The simplest static source is holes on the sides of the pitot tube that are perpendicular to the airflow. Clearly a pitot tube static source can be corrupted by the same problems as the pitot dynamic pressure (air speed), such as ice, blocked lines, insects and being covered. On most aircraft, If the static sources are corrupted, all the air data information is wrong. A few types of aircraft, use different forms of static sources and air data ports, such as carefully placed holes in the aircraft skin. These systems have to be carefully calibrated in flight test and are even more sensitive to contamination than pitot tubes. They are used mostly on military planes that have problems with pitot tubes, such as supersonic flight and stealth.

Barometric Altitude is the most fundamental air data presented to the pilot in the form of the altimeter. Barometric altitude is calculated by subtracting the static pressure from a reference pressure and multiplying by a constant to convert the pressure difference to feet of altitude. At low altitude, the reference pressure is the barometric pressure at the airport of interest. Taking off, the reference is set by adjusting the altimeter to the actual elevation of the runway. Landing, the pilot has to obtain a barometric pressure measured on the ground and manually input that pressure into the altimeter.

The Blue Angels once crashed four or five planes at once because they violated their air-show barometric altitude procedure. The acrobatic procedures are written in altitude above ground level (AGL) so the procedure dose not need to be rewritten (and relearned) for each airport. But this requires that the altimeter be set to sea level before takeoff. Most of their practices and air-shows are at airports close to sea level making altitude above sea level (ASL) and AGL nearly identical. Before takeoff, they set the altimeters to the altitude of the runway as you would for a normal flight instead of sea-level. Apparently this group of pilots had been making this mistake for sometime and got away with it because the error was less than the built in safety margin. They did a loop, and toped out 1000 feet to low because the ground was 1000 feet higher normal.

For high altitude flight the altimeter is set to "standard pressure" so that all aircraft will fly at the same altitude when commanded to a specific flight level. The actual distance above the ground of a specific flight level varies by several hundred feet with the wether from day to day but also is different at different places at the same time.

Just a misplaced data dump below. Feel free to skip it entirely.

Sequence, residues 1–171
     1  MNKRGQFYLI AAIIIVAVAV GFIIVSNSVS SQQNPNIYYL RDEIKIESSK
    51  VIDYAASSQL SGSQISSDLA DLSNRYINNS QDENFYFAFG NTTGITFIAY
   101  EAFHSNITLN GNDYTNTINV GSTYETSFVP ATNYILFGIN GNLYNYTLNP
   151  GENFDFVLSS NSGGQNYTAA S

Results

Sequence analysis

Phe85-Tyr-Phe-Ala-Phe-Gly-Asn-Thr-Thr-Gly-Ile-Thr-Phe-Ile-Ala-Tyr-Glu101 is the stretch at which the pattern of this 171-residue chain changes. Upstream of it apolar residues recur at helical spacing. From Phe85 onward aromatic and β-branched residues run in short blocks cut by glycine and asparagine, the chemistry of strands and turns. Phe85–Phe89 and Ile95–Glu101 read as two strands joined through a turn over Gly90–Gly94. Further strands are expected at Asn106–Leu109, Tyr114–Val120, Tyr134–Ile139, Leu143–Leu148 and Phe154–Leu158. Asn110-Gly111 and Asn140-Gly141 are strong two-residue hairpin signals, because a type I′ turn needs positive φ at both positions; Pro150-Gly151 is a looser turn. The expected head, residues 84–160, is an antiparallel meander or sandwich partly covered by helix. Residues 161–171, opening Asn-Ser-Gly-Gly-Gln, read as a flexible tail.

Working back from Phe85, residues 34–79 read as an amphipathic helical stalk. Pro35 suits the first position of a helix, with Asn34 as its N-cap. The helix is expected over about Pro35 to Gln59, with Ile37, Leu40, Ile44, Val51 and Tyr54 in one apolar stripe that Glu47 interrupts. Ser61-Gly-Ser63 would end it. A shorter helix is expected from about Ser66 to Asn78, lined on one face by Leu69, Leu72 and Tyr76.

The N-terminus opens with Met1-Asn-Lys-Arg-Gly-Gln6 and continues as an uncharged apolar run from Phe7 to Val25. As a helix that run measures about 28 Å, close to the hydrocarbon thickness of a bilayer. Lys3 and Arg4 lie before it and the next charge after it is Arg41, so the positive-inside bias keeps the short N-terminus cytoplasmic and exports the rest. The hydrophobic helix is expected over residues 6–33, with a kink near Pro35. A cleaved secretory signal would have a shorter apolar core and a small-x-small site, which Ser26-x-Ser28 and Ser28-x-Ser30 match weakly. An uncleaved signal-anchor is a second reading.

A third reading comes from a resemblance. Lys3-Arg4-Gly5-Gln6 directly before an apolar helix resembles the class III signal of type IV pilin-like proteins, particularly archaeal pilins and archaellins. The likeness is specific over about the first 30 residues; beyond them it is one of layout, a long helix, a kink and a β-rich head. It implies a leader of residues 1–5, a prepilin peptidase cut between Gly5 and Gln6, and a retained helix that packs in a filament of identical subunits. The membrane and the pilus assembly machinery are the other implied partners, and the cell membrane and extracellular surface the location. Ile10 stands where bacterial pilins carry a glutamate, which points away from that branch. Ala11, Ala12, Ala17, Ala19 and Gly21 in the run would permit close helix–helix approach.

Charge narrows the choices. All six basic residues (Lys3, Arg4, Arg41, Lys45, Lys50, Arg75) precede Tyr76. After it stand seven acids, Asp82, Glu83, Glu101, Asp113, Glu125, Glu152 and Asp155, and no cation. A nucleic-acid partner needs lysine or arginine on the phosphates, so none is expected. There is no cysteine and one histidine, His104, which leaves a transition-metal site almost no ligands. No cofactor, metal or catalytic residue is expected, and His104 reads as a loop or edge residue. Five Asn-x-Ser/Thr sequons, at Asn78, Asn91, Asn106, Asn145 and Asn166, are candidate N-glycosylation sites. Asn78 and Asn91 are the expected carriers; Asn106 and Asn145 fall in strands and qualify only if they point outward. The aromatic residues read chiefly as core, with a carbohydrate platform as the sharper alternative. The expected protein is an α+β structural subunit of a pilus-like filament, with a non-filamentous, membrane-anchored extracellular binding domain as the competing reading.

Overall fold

Air speed is calculated by subtracting the static pleasure from the pitot dynamic pressure then converting to velocity. Air speed is fundamental for nearly all phases of flight and most critical at landing and high altitudes. Before GPS and other radio navigation adds it was necessary to guess what the winds were to estimate ground speed for navigation. A friend was taking flying lessons and the instructor asked him what he thought their ground speed was. He knew the air speed was 75 knots and they had a 15 knot head wind at takeoff. Thinking the wind would be higher at 3000 feet he said 50 guessing the wind was 25. The instructor said, "Look down out the side window." They were over the Chesapeake bay bridge going backwards! The head wind was about 100 knots. The plane could not fly faster so they had to fly at low level to find lower winds to get back to the airport.

Stall warning is determined by a stall warning pitot that faces backwards on the upper rear wing surface. It looks for air recirculating (moving forward) over the wing as the stall vortex begins. It may use the primary static source or use it's own static source. At low speeds it measures the velocity the air is moving over the wing and produces the stall warning when the air flow reverses (moves forward) impinging on the dynamic port of the probe changing the dynamic pressure from lower than to higher than the static pressure. On most small planes air moves from the dynamic port through a reed buzzer and out the static port. The sound gets louder and higher pitched as the stall deepens. This systems requires a dedicated static source as the volume of airflow through the buzzer would corrupt the static reference for other uses. At high altitudes the calibration of the stall warning may need to be changed and could be different for both overspeed and underspeed. In high altitude stalls, the air flow still separates form the wing causing reduced lift, but the flow direction may not change. I don't know how stall warning is implemented on large jets and is probably dependent on the aerodynamics of the particular wing design. More information is welcome.